Youth Violence Commission
Following the murders of five young people in my constituency soon after I was elected in 2015, I called for a Commons debate on gangs and serious youth violence. The debate took place on 3rd March 2016 and was led by my colleague Chuka Umunna (MP for Streatham). The motion called for the House to establish an independent, cross-party commission to identify the root causes of and solutions to serious youth violence across the UK.
The debate lasted three hours and covered a wide range of issues, including links to the sale of illegal drugs, gang culture, the impact of knife crime on affected families and communities, the role of the media and the importance of considering poverty and deprivation in the context of serious youth violence.
You can read my contribution to the debate here.
About the Youth Violence Commission
Following the March 2016 debate I worked hard to establish the Youth Violence Commission. The commissioners – originally Chuka Umunna MP, James Cleverly MP, Mark Field MP, Greg Mulholland MP, Chris Stephens MP and myself – are a group of cross-party MPs who oversee and direct the work of the YVC.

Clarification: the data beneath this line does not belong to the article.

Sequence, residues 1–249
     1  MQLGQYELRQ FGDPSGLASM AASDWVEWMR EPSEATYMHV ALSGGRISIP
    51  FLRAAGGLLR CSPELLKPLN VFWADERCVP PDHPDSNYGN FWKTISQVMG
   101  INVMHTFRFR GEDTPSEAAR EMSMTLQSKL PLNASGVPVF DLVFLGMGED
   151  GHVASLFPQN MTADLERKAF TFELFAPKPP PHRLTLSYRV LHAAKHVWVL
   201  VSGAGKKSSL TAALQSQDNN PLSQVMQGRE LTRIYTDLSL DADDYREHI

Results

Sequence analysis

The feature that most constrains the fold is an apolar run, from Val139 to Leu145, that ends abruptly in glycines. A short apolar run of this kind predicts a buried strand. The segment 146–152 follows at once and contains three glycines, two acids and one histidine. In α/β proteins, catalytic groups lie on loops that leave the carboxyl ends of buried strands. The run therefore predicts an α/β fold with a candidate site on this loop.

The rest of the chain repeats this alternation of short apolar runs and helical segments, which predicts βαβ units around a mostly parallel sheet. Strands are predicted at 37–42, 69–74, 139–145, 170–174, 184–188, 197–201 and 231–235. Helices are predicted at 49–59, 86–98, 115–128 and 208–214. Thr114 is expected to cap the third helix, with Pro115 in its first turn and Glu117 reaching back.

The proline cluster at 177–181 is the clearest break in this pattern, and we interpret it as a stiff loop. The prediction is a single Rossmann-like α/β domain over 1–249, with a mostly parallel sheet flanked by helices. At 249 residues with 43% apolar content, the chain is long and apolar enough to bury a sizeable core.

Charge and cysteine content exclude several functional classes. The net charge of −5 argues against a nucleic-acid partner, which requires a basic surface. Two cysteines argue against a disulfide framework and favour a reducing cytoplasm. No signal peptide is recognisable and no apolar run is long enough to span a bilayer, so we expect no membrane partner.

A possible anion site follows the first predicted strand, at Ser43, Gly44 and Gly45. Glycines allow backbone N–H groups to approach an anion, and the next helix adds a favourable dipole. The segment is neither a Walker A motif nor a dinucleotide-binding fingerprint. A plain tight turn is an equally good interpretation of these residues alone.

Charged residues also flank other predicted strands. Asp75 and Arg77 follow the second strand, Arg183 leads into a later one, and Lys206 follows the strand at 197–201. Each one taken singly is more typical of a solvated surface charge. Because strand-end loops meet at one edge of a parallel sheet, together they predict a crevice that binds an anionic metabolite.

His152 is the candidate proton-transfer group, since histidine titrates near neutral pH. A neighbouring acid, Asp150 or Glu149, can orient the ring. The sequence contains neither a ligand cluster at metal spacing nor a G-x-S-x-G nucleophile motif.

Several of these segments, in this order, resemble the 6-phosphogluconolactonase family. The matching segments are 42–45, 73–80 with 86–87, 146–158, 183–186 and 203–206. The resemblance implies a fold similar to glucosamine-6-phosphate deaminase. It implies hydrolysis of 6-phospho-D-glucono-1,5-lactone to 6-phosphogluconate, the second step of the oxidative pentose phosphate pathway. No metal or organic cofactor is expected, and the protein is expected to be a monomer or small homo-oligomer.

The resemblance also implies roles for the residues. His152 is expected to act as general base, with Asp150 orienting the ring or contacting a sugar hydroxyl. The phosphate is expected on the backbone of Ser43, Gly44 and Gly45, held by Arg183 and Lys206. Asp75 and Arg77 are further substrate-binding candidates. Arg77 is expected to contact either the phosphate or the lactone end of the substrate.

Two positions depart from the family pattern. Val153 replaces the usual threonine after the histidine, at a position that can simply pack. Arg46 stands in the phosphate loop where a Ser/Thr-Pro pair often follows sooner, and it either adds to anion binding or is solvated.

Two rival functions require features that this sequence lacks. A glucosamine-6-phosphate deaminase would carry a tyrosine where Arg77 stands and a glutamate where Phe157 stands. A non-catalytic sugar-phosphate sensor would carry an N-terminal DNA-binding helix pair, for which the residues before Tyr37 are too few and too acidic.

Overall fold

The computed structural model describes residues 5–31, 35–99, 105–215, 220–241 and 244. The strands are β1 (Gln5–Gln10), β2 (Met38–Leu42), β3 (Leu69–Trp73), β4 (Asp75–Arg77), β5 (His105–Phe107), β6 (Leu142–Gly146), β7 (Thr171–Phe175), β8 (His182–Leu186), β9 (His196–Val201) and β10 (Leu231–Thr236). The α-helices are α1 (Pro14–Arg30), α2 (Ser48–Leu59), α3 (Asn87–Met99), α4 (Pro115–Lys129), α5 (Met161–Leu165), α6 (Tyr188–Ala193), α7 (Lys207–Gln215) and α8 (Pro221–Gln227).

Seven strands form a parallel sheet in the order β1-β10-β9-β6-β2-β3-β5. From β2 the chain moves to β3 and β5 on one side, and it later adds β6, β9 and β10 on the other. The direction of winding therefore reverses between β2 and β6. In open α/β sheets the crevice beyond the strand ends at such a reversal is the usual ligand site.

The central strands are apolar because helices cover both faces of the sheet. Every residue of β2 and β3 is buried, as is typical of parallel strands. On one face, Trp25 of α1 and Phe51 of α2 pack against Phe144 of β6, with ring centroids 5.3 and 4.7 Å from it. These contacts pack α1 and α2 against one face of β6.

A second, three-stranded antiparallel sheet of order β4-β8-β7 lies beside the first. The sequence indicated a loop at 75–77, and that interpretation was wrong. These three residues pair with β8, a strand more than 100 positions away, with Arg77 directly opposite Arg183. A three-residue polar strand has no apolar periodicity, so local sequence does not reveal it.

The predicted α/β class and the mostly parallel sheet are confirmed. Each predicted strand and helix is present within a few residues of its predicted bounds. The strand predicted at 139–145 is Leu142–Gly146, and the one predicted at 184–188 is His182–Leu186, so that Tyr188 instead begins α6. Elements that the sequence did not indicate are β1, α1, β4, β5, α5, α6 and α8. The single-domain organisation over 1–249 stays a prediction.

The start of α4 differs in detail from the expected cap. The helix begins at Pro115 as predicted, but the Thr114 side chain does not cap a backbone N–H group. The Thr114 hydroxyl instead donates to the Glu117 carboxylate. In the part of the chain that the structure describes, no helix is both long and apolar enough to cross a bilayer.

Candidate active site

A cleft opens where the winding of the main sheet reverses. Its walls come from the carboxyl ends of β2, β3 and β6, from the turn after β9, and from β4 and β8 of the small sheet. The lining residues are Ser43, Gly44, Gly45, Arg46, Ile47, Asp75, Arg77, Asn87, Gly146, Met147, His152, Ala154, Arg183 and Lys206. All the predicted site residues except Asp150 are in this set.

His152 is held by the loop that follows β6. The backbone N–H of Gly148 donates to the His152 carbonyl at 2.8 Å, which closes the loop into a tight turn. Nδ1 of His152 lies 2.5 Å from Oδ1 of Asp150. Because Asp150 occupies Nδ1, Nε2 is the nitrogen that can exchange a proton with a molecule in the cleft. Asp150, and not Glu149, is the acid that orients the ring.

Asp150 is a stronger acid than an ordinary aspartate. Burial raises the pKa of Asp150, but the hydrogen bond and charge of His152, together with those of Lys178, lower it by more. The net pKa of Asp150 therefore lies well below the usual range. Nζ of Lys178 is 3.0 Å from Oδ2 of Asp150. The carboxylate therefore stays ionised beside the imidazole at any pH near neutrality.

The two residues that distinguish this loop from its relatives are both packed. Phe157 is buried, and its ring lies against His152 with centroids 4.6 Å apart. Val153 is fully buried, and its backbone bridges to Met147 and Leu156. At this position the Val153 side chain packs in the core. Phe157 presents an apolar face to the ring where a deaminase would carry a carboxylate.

However, the commission is much more than a parliamentary project: we are consulting with young people and working with academics and practitioners to better understand how serious violence manifests itself in many young people’s lives.
We have spent the last four years examining the root causes of youth violence in England, Scotland and Wales in our search for solutions. We held a series of evidence sessions in Parliament and worked with our academic partners (from Warwick University and the Open University) to produce an interim written report with policy recommendations in summer 2018.
This was followed by the publication of our final report in July 2020, which also considered the added pressures created by the COVID-19 crisis. You can watch the recording of the launch event below.
Follow @YouthViolenceUK on Twitter.
"It is only when we change the lives of the youngest in society that we will see real change take place." Vicky Foxcroft, speech to Parliament 03/03/16